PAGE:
To Kill a Mocking Bird


Scout - Narrator


She is intelligent and, by the standards of her time and place, a tomboy. Scout has a combative streak and a basic faith in the goodness of the people in her community. As the novel progresses, this faith is tested by the hatred and prejudice that emerge during Tom Robinson’s trial. Scout eventually develops a more grown-up perspective that enables her to appreciate human goodness without ignoring human evil.

Jem - The brother


The typical American boy, refusing to back down from dares and fantasizing about playing football. Four years older than Scout, he gradually separates himself from her games, but he remains her close companion and protector throughout the novel. Jem moves into adolescence during the story, and his ideals are shaken badly by the evil and injustice that he perceives during the trial of Tom Robinson.

Atticus - The dad


A lawyer in Maycomb descended from an old local family. A widower with a dry sense of humor, Atticus has instilled in his children his strong sense of morality and justice. He is one of the few residents of Maycomb committed to racial equality. When he agrees to defend Tom Robinson, a black man charged with raping a white woman, he exposes himself and his family to the anger of the white community. With his strongly held convictions, wisdom, and empathy, Atticus functions as the novel’s moral backbone.

Calpurnia - the maid


The Finches’ black cook. Calpurnia is a stern disciplinarian and the children’s bridge between the white world and her own black community.

Dill - the neighbor


Dill is a diminutive, confident boy with an active imagination. He becomes fascinated with Boo Radley and represents the perspective of childhood innocence throughout the novel.

Miss Maudie


The Finches’ neighbor, a sharp-tongued widow, and an old friend of the family. Miss Maudie is almost the same age as Atticus’s younger brother, Jack. She shares Atticus’s passion for justice and is the children’s best friend among Maycomb’s adults.

Miss Caroline

Mr. Walter Cunningham


A poor farmer and part of the mob that seeks to lynch Tom Robinson at the jail. Mr. Cunningham displays his human goodness when Scout’s politeness compels him to disperse the men at the jail.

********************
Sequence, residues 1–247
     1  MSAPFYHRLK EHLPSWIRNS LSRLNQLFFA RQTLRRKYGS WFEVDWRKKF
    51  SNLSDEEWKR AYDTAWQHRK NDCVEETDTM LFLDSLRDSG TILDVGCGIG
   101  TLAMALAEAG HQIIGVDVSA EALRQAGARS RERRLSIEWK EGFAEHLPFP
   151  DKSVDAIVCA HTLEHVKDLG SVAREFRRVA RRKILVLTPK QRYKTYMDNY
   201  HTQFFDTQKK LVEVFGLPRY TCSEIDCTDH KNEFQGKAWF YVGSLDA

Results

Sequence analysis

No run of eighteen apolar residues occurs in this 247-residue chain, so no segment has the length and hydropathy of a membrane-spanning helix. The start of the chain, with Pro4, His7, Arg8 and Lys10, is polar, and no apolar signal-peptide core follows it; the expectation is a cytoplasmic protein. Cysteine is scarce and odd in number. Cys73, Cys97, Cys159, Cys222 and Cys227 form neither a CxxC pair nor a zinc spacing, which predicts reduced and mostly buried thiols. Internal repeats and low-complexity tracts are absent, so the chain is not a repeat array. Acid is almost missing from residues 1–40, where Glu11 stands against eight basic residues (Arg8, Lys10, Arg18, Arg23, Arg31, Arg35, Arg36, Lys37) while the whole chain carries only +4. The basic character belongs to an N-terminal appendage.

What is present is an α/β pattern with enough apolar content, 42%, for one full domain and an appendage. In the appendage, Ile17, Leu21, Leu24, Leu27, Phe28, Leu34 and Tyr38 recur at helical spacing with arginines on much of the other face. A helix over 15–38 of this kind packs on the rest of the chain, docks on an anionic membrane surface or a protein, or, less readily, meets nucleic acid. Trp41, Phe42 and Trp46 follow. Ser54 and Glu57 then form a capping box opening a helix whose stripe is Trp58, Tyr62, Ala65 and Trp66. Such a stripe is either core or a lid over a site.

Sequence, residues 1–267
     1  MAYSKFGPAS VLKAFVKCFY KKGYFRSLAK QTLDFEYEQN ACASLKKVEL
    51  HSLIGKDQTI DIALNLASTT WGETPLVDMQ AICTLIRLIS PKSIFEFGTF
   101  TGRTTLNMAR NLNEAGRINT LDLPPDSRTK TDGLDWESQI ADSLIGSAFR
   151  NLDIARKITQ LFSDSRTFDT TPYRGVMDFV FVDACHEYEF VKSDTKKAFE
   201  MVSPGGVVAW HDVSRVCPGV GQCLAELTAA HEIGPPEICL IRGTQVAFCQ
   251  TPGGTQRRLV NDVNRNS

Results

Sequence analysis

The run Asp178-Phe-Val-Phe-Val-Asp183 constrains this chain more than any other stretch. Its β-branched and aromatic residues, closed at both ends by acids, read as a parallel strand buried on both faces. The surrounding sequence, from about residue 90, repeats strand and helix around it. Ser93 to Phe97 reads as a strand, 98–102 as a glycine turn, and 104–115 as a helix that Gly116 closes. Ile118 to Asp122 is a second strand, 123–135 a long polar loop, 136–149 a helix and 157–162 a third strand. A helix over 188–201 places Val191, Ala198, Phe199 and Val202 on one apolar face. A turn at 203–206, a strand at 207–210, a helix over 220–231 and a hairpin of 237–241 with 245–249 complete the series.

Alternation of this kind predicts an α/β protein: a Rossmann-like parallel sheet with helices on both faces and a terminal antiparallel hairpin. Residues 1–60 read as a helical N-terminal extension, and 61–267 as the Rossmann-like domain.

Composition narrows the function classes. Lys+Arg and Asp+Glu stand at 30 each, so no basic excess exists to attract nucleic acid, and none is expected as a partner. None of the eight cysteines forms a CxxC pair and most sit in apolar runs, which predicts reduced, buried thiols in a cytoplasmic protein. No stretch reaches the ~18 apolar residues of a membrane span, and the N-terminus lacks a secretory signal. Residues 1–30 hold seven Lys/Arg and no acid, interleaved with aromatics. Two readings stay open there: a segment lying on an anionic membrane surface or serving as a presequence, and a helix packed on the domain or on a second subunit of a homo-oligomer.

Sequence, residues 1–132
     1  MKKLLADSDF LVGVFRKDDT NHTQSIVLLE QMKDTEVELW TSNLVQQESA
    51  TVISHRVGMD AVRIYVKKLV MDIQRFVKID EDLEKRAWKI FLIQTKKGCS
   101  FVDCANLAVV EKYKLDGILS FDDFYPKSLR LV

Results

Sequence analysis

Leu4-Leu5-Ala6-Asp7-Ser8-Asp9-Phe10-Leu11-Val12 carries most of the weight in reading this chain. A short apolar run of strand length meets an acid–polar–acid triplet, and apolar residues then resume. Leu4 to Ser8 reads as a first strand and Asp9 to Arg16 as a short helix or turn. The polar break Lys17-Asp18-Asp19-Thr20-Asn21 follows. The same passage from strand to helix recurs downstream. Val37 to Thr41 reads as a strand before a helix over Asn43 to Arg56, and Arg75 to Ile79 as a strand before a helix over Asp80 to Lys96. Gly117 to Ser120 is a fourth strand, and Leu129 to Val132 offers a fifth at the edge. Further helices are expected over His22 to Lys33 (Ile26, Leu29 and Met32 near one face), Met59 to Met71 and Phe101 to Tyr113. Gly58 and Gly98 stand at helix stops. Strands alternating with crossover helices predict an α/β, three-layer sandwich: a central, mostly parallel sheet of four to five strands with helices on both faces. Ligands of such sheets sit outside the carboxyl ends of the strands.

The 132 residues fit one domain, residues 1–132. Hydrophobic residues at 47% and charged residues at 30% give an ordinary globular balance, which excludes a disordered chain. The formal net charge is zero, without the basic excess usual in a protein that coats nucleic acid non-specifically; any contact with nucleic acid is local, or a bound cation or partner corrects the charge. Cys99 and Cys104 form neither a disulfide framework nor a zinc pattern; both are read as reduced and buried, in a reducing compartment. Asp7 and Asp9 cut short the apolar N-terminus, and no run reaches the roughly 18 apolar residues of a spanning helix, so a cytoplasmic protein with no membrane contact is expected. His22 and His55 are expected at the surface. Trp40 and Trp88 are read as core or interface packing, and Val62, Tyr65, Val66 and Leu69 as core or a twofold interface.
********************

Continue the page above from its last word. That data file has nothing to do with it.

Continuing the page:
Mr. Dolphus Raymond


A wealthy white man who lives with his black mistress and mulatto children. Raymond pretends to be a drunk so that the citizens of Maycomb will have an explanation for his behavior. In reality, he is simply jaded by the hypocrisy of white society and prefers living among blacks.

Burris Ewell



Themes are the fundamental and often universal ideas explored in a literary work.

Coexistence of good and evil

Scout and Jem’s transition from a perspective of childhood innocence, in which they assume that people are good because they have never seen evil, to a more adult perspective, in which they have confronted evil and must incorporate it into their understanding of the world.

Importance of moral education

the most important lessons are those of sympathy and understanding

the story charts Scout’s moral education

Atticus devotes himself to instilling a social conscience in Jem and Scout

scenes at school provide a direct counterpoint to Atticus’ effective education

unsympathetic or morally hypocritical teachers

Existence of social inequality

rigid social divisions revealed

prejudice in human interaction


Gothic details

unnatural snowfall

fire that destroys Miss Maudie’s house

children’s superstitions about Boo

mad dog

Halloween party on which Bob Ewell attacks the children

Small-town life



represents innocence

Bob Radley

kids' attitude towards him symbolizes their development from innocence toward a grown-up moral perspective

Live together in Maycomb